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Welcome to the Tuesday edition of Internet Insider, where we dissect tech and politics unfolding online. Today:
- New York wants broadband to be accessible for all—cable companies would rather sue than provide it
- NYPD gets rid of police robot dog after public pressure
- Here’s what happens when the cops try to subpoena Signal
BREAK THE INTERNET
New York wants broadband to be accessible for all—cable companies would rather sue than provide it
Several lobby groups representing internet service providers (ISPs) have sued New York over a new law that requires them to offer $15-a-month broadband plans.
Last month, New York passed a law as part of its budget plan that would require ISPs in the state to offer low-income residents an option for $15-a-month broadband plans. The plan would be for 25 megabits per second (Mbps) download speeds and 10 Mbps upload speeds.
Experts told the Daily Dot at the time that New York’s plan was a “substantial step forward in addressing the challenge of broadband affordability that so many families around the country are confronting.”
However, it appears that ISPs feel differently.
Numerous lobby groups representing ISPs filed a lawsuit late last week arguing that New York does not have authority to require ISPs to offer a $15-a-month plan.
In response to the lawsuit, New York Gov. Andrew Cuomo (D) told the lobby groups to “bring it on.”
“If these companies want to pick this fight, impede the ability of millions of New Yorkers to access this essential service and prevent them from participating in our economic recovery, I say bring it on,” Cuomo said in a statement.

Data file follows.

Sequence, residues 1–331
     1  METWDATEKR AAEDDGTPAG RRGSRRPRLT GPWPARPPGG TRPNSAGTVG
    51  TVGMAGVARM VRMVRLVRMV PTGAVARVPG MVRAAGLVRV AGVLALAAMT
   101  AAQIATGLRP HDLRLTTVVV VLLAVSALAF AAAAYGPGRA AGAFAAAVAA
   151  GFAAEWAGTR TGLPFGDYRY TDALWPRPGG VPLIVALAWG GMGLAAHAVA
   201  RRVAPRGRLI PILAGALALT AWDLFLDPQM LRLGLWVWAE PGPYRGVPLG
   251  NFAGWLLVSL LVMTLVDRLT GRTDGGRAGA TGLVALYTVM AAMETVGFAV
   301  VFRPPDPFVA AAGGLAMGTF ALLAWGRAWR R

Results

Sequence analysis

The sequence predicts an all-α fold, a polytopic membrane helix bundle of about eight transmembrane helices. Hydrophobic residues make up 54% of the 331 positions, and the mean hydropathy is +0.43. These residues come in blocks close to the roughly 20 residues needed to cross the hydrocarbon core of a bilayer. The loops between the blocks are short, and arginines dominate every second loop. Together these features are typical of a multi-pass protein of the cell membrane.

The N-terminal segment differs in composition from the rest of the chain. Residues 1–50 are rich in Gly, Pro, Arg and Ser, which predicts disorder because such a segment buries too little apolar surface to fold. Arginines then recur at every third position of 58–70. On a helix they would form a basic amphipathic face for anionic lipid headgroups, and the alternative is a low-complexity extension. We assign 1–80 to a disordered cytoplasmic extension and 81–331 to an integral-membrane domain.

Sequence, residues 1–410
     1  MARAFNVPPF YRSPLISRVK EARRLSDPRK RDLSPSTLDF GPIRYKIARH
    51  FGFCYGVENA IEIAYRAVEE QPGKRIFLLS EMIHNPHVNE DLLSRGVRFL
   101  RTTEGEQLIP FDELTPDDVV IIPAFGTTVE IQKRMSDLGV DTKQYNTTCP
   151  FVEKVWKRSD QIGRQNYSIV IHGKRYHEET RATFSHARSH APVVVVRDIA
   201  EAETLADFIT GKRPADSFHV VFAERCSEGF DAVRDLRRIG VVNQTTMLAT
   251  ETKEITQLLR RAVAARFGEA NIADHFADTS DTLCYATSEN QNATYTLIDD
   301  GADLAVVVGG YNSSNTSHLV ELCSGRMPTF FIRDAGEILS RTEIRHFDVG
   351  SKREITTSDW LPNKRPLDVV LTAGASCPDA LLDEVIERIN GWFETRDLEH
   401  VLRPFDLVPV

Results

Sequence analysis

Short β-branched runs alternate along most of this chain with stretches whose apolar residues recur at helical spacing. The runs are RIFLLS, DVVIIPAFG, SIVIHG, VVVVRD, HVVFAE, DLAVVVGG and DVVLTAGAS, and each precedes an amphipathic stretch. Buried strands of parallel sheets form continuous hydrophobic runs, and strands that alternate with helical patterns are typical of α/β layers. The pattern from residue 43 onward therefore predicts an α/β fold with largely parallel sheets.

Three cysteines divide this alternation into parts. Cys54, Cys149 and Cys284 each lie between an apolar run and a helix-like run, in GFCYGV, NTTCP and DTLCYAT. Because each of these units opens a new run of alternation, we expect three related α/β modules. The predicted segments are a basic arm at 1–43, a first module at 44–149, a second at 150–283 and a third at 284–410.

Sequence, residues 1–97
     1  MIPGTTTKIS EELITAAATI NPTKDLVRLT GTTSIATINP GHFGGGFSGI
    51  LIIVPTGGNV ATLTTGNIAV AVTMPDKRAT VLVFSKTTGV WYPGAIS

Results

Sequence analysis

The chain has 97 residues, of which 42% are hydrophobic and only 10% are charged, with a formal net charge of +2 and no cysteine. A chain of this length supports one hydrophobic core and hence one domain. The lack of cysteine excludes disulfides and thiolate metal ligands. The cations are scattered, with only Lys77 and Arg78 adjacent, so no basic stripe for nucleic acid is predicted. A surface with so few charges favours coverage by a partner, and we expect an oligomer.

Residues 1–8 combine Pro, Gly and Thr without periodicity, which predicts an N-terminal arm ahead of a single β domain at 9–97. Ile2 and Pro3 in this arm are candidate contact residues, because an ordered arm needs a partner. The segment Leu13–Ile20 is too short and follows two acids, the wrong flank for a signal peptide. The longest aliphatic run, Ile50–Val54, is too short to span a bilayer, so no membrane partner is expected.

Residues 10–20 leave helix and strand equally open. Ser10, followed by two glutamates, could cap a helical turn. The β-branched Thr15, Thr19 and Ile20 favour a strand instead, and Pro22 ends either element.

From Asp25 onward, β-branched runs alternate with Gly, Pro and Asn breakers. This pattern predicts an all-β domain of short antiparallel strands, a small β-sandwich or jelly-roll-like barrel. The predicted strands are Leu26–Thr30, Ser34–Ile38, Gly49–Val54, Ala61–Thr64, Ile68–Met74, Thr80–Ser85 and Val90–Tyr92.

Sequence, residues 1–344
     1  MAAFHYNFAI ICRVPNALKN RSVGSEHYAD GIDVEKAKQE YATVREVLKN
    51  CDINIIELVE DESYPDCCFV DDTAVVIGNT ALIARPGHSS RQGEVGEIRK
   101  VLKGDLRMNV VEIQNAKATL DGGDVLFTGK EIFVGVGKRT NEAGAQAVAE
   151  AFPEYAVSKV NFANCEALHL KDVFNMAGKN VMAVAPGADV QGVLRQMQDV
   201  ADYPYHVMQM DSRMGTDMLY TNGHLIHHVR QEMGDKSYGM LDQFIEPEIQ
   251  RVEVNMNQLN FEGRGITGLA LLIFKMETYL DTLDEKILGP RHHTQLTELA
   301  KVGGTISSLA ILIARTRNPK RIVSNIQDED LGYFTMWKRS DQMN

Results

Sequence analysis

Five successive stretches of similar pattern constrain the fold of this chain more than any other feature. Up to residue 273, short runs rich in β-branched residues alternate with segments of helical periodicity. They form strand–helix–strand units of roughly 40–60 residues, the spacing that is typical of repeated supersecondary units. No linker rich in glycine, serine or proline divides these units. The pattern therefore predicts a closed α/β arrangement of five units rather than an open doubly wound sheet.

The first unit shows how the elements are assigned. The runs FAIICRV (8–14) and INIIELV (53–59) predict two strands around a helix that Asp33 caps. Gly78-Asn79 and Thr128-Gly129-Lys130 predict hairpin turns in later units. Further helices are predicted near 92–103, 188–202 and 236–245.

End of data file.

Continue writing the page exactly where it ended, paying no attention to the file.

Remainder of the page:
—Andrew Wyrich, deputy tech editor
Why making your own pasta is a life-changing experience
If you’ve never tasted homemade pasta, you’re truly missing out. It transforms the beloved comfort food into something else entirely. But making it by hand can easily take all day. While there’s nothing like the taste of food made slowly with love, making it yourself is a lot easier with a pasta machine. Read on to learn how it works (and all the bumps we encountered along to way to that sweet homemade semolina).
NYPD gets rid of police robot dog after public pressure
The NYPD announced that it plans to return its police robot dog after receiving significant pushback.
In a statement, John Miller, the NYPD’s deputy commissioner for intelligence and counterterrorism, revealed that the department would be canceling its $94,000 contract with robotic design company Boston Dynamics.
Known officially as “Spot” but referred to as “Digidog” by police, the robot stirred controversy in February after footage of it being deployed in the Bronx went viral.
In a tweet at the time, Rep. Alexandria Ocasio-Cortez (D-N.Y.) condemned the department’s acquisition and accused police of deploying “robotic surveillance ground drones.”
In remarks to the New York Daily News, Miller disputed the claim from Ocasio-Cortez that the robot was being used for surveillance.
The removal of the robot dog also comes after City Councilman Ben Kallos filed a subpoena to learn just how much the NYPD had spent on Digidog. Kallos also introduced a bill that would ban the NYPD from using weaponized robots.
— Mikael Thalen, contributing writer
Here’s what happens when the cops try to subpoena Signal
The encrypted messaging app Signal has once again shown just how little data it collects on users after publicly revealing its response to a recent government subpoena.
Signal was ordered last month by the United States Attorney’s Office in the Central District of California to provide a wide array of information on numerous users currently under criminal investigation.
But there’s just one problem: Given that the app was built from the ground up with privacy in mind, Signal doesn’t collect large amounts of data like other messaging services do.
In a blog post, Signal detailed how it was unable to provide nearly all of the information requested.
“Because everything in Signal is end-to-end encrypted by default, the broad set of personal information that is typically easy to retrieve in other apps simply doesn’t exist on Signal’s servers,” the company wrote.
The only data Signal was able to hand over for the accounts listed in the subpoena were the times and dates when they were created and the last time they connected to the app.